A look at when rockers and political renegades fueled each other as
they shared the '60s stage.
By Zachary Lazar
October 19, 2008
There's a Riot Going On
Revolutionaries, Rock Stars, and the Rise and Fall of the '60s
Canongate: 598 pp., $27.50
WHAT DO we do in 2008 with Eldridge Cleaver, Huey Newton, Stokely
Carmichael, Abbie Hoffman and Jerry Rubin? As cultural icons, they
remain fascinatingly vivid, 40 years after their heyday. And yet as
models of political action, they offer less than nothing -- less,
because their weaknesses for hyperbole and self-aggrandizement still
dog what cannot even be called the "Left" anymore, so far has our
culture moved to the right. Witness the recent attempts to connect
Barack Obama to former Weather Underground leader Bill Ayers. It
seems the radical left lives on mostly now as a demon for conservatives.
Peter Doggett's encyclopedic "There's a Riot Going On" -- the title
references the 1971 album by Sly & the Family Stone -- highlights the
relationship between such 1960s radicals and 1960s rock 'n' roll. The
picture that emerges is of two groups mirroring each other: radicals
mimicking the charismatic star quality of musicians; musicians
reflecting back the energy, rage, conviction and sarcasm of the
In the years of Vietnam, race riots and assassinations, this
mirror-play had a powerful context. But why do these images remain so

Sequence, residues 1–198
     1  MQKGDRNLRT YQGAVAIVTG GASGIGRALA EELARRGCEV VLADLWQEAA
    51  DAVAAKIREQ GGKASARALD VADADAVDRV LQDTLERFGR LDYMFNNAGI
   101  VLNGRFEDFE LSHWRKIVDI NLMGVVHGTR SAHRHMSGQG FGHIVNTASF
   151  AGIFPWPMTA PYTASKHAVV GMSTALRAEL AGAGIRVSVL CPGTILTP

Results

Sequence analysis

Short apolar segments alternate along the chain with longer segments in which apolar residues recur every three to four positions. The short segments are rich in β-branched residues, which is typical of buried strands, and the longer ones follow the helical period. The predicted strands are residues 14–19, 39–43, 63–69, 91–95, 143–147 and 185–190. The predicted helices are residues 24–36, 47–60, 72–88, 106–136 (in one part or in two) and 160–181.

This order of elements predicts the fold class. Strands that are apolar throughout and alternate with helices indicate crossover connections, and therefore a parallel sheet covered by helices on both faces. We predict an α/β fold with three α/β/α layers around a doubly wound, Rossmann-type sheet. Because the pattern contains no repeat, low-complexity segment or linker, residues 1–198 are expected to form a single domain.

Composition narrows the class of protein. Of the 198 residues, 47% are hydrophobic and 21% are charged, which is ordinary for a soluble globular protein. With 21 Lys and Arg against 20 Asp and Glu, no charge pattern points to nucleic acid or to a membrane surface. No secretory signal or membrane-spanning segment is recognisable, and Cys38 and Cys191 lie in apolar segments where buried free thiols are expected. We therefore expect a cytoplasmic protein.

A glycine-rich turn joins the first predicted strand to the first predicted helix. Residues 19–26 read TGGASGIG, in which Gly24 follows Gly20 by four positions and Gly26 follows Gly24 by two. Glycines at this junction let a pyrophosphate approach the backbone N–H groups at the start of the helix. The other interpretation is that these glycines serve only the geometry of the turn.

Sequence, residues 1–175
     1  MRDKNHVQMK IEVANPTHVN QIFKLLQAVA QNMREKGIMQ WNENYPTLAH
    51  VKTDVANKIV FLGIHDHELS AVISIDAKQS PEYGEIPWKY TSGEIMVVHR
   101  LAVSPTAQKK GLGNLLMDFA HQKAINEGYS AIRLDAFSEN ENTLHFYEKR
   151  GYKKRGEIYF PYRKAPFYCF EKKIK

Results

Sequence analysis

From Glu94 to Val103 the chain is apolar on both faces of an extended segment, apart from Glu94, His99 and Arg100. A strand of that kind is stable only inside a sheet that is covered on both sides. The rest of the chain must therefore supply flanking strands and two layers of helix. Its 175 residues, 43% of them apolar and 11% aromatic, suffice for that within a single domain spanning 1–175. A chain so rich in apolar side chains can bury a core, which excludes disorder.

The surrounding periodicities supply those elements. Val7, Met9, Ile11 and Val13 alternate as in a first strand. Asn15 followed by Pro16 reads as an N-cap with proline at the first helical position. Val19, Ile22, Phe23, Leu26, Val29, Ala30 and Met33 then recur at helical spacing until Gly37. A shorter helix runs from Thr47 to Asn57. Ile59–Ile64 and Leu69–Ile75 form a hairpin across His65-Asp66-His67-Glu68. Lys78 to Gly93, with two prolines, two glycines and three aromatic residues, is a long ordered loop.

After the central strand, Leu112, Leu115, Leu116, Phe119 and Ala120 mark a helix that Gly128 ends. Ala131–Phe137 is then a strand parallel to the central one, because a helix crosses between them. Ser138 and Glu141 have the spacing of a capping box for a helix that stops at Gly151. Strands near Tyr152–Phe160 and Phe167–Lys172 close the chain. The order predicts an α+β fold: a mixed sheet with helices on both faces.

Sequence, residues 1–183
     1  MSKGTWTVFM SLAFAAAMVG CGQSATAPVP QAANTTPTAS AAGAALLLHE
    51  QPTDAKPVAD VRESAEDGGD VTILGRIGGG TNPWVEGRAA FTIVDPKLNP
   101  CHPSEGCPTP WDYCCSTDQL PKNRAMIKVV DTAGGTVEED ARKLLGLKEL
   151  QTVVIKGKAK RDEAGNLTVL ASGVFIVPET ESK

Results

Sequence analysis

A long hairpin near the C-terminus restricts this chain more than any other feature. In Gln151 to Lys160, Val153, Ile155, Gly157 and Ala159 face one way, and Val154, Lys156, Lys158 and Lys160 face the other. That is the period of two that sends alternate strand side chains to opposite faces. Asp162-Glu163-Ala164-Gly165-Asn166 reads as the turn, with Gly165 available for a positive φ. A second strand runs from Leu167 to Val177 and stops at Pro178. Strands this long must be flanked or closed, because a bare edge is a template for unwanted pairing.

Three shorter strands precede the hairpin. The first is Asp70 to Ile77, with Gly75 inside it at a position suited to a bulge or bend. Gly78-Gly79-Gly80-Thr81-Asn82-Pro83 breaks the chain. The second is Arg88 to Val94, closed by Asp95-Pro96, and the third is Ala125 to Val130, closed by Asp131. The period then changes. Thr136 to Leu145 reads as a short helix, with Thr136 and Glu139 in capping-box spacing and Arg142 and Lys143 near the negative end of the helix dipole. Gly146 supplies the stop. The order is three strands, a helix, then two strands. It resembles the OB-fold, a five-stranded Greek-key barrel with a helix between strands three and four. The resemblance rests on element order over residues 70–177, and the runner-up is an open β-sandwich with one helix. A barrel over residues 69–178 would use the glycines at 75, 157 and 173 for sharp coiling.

powerful now? They are still sexy, funny, utopian, poetic, militant,
nihilistic, violent, apocalyptic. We've been told there's a void at
the center of this exploding star, but we can see that it's a beautiful star.
As early as 1964, Bob Dylan foresaw this supernova and began
rebelling against the rebellion. Out were the protest songs, and in
were the dark, surrealist masterpieces that begged interpretation
even as they defied it. "Something is happening here, and you don't
know what it is," Dylan asserted in 1965 to a craven "Mr. Jones," who
might have been straight America, or, just as plausibly, the earnest,
folk-music lefties Dylan had turned his back on.
In one of Doggett's most fascinating vignettes, Newton, leader of the
Black Panthers, seizes on that Dylan song, "Ballad of a Thin Man," as
a political credo (much as Charles Manson would later fixate on the
Beatles' "White Album"). If anything, "Ballad of a Thin Man" is an
exploration of nothingness, a pulling back of veil after painted
veil. But Newton believed it was something different, a statement of
Black Power. His cohort Bobby Seale was skeptical: "I could hear the
melody to this record," he recalled. "I could hear the sound and the
beat to it, but I didn't really hear the words." Newton played the
record again and again, explaining and explaining.
As would happen later, when he was tried as one of the Chicago Eight,
Seale turned out to be right. He understood that the song was more
than words -- it was not just meaning, it was sound.
Doggett covers the waterfront in "There's a Riot Going On." He traces
the whole history of 1965-1972: People's Park, the Chicago riots, the
Days of Rage, Woodstock, Altamont, the Manson murders, Kent State.